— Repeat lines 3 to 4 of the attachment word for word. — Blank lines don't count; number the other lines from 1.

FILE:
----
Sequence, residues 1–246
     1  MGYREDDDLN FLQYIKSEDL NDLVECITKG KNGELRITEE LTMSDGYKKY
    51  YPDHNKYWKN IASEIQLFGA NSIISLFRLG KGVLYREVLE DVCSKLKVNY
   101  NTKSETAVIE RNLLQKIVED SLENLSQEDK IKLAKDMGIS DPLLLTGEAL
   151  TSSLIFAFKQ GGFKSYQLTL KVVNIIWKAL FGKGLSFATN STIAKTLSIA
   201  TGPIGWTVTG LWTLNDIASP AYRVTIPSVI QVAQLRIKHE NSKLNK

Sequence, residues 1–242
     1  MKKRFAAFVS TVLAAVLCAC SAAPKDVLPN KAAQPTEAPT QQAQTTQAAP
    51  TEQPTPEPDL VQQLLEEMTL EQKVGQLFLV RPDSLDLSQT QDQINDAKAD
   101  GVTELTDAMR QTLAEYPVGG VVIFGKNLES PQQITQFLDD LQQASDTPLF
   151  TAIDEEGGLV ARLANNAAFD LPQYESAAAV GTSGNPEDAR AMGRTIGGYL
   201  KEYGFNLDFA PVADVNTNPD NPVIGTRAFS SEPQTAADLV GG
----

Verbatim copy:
    51  YPDHNKYWKN IASEIQLFGA NSIISLFRLG KGVLYREVLE DVCSKLKVNY
   101  NTKSETAVIE RNLLQKIVED SLENLSQEDK IKLAKDMGIS DPLLLTGEAL